I know not with what weapons World War III will be fought, but World War IV will be fought with sticks and stones -- Albert Einstein
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#7 User is offline   thepossum 

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Posted 2019-August-18, 00:15

I know I shouldn't say this but sometimes if stuck for a bid like that playing 5 card majors I will occasionally open the 4-card major then rebid the 5-card one. It can be risky sometimes ending in 4-3 fits in part scores so you have to judge it well and hope that nobody gets upset at you doing it :) But one of many things I was taught when learning bridge that before you open the bidding you need to have a plan formulated for your rebid. I find 5-card majors a bit restrictive sometimes :)
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#8 User is online   smerriman 

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Posted 2019-August-18, 00:40

View Postthepossum, on 2019-August-18, 00:15, said:

I know I shouldn't say this but sometimes if stuck for a bid like that playing 5 card majors I will occasionally open the 4-card major then rebid the 5-card one. It can be risky sometimes ending in 4-3 fits in part scores so you have to judge it well and hope that nobody gets upset at you doing it :) But one of many things I was taught when learning bridge that before you open the bidding you need to have a plan formulated for your rebid.

It's definitely a valid approach opening the shorter *minor* with 4 diamonds and 5 clubs, when you might be stuck for a rebid otherwise (some don't like it, some do).

But I don't think it's possible to do anything *but* backfire when you have 5 hearts and 4 spades.

If partner has 4 spades, you have nothing to worry about by opening 1 (partner will respond 1, and you raise).

If partner has 3 spades, you're guaranteed to be in a 4-3 fit, while everyone else will find 8 and 9 card heart fits, or be in no trumps.

If partner has 2 spades, you'll actually be in a 4-2 fit, when others may be in a 5-3 heart fit, since partner will keep giving preference to spades.

Bidding a 2 card club suit rarely causes problems.
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#9 User is offline   thepossum 

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Posted 2019-August-18, 00:46

View Postsmerriman, on 2019-August-18, 00:40, said:

It's definitely a valid approach opening the shorter *minor* with 4 diamonds and 5 clubs, when you might be stuck for a rebid otherwise (some don't like it, some do).

But I don't think it's possible to do anything *but* backfire when you have 5 hearts and 4 spades.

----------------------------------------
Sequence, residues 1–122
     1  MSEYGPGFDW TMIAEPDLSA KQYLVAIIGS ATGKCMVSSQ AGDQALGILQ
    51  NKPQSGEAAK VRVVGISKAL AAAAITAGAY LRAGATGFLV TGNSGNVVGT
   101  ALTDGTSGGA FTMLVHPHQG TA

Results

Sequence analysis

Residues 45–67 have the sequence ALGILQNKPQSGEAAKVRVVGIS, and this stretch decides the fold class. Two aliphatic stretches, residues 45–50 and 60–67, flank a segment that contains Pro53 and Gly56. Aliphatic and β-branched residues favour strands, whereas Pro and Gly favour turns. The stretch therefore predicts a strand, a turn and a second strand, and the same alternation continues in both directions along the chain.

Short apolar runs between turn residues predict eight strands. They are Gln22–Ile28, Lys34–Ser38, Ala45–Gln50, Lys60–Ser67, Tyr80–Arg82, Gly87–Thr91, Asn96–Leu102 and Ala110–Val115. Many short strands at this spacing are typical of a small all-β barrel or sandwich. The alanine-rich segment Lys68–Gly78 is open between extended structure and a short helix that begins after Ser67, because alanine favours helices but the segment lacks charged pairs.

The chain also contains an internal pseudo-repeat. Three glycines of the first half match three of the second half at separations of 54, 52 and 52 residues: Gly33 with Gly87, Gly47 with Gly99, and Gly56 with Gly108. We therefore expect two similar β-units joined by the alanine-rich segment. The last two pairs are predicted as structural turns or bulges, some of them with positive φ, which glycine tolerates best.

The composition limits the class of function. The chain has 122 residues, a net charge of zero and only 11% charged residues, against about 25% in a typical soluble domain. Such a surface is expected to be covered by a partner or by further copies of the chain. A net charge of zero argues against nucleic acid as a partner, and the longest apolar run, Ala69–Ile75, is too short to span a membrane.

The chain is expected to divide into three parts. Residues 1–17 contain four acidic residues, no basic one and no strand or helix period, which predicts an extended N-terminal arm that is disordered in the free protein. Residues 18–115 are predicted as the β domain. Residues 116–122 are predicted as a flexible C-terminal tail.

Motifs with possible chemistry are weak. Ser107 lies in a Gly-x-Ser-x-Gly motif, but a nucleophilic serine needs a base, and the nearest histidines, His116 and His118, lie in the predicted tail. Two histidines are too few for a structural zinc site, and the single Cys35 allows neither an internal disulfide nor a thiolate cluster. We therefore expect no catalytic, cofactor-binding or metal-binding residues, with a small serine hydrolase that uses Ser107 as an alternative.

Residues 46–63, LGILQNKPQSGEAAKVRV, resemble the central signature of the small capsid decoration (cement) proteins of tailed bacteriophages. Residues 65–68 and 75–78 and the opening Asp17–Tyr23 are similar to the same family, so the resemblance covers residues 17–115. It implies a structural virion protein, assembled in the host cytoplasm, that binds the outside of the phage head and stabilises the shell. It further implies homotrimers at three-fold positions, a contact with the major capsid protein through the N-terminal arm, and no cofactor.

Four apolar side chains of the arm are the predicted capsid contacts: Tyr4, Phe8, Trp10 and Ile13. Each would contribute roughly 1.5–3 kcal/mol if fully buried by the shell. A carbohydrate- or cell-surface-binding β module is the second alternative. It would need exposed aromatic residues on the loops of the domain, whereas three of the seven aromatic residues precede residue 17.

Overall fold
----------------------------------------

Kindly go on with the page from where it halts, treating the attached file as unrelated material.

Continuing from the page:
If partner has 4 spades, you have nothing to worry about by opening 1 (partner will respond 1, and you raise).

If partner has 3 spades, you're virtually guaranteed to be in a 4-3 fit and getting a bottom score, while everyone else will find 8 and 9 card heart fits, or be in no trumps.

If partner has 2 spades, you'll actually be in a 4-2 fit, when others may be in a 5-3 heart fit, since partner will keep giving preference to spades.

Bidding a 2 card club suit rarely causes problems.


Thats all so contrived to get around the limitations of 5 card majors. Bidding a 2 card minor with nothing in it is much worse and more misleading that my approach :)

PS Sometimes I would consider an opening pass if there is no good rebid :)
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#10 User is online   smerriman 

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Posted 2019-August-18, 00:56

View Postthepossum, on 2019-August-18, 00:46, said:

Bidding a 2 card minor with nothing in it is much worse and more misleading that my approach :)

Why is that? Partner knows your minor could be short, and will always put you back in your major when possible, eg with 2 cards in the major and 4 cards in the minor, so you find the right contract.

If you open the wrong major, partner will *always* put you in the wrong contract - if you're lucky, the best you can hope for is being in the same contract the standard bidders got to.

Of course, if you're playing a system that doesn't promise 5 card majors, that's completely separate.
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#11 User is offline   thepossum 

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Posted 2019-August-18, 01:38

I would never bid a useless 2 card suit ever and bidding spades foloowed by hearts is not misleading about the strength of my hand and accurately describes the hand as a 2 major hand. Do you think everyone accurately bids every single bid. You have to be a little flexible sometimes to avoid misleading partner and opponents. Some of the rubbish I read about how to get around the limitations of 5 card majors is terrible and the attitude especially from people who dont seem to care about misleading their opponents in much worse ways

I should have added that once with a rubbish 4522 hand and 11-12 points I opened 2 of the 5 card major, only once though. :)

And I also once or twice have manufactured a reverse on a strong 5422 hand

Bridge, in my book and most players book is about accurately describing your hand, or as accurately as possible in terms of strength and shape. That sometimes means occasional flexibility in number of cards (maybe 1 sometimes) or number of points ( afew sometimes). You also have to consider losers in assessing the strength of your hand. There is far too uch obsession with points in assessing strength, and not the distribution and nature of the points.